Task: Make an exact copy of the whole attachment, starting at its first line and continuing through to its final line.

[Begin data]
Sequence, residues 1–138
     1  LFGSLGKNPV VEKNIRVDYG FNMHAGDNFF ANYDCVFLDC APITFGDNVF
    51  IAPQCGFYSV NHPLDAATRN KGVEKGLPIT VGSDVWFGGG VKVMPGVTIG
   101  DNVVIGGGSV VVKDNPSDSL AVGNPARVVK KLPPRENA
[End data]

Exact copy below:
Sequence, residues 1–138
     1  LFGSLGKNPV VEKNIRVDYG FNMHAGDNFF ANYDCVFLDC APITFGDNVF
    51  IAPQCGFYSV NHPLDAATRN KGVEKGLPIT VGSDVWFGGG VKVMPGVTIG
   101  DNVVIGGGSV VVKDNPSDSL AVGNPARVVK KLPPRENA